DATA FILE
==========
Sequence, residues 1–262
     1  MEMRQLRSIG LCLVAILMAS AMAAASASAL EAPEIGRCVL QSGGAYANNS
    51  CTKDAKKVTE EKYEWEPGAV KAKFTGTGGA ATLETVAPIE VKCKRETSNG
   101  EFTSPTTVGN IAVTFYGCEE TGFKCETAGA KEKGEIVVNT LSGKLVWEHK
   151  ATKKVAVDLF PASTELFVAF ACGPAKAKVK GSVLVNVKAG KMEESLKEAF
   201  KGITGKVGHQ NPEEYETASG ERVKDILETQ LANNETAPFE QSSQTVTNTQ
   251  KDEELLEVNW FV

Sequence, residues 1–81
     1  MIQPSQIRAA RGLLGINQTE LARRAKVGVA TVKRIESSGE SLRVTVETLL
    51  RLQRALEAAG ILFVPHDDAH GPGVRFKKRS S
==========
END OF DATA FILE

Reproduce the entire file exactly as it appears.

Sequence, residues 1–262
     1  MEMRQLRSIG LCLVAILMAS AMAAASASAL EAPEIGRCVL QSGGAYANNS
    51  CTKDAKKVTE EKYEWEPGAV KAKFTGTGGA ATLETVAPIE VKCKRETSNG
   101  EFTSPTTVGN IAVTFYGCEE TGFKCETAGA KEKGEIVVNT LSGKLVWEHK
   151  ATKKVAVDLF PASTELFVAF ACGPAKAKVK GSVLVNVKAG KMEESLKEAF
   201  KGITGKVGHQ NPEEYETASG ERVKDILETQ LANNETAPFE QSSQTVTNTQ
   251  KDEELLEVNW FV

Sequence, residues 1–81
     1  MIQPSQIRAA RGLLGINQTE LARRAKVGVA TVKRIESSGE SLRVTVETLL
    51  RLQRALEAAG ILFVPHDDAH GPGVRFKKRS S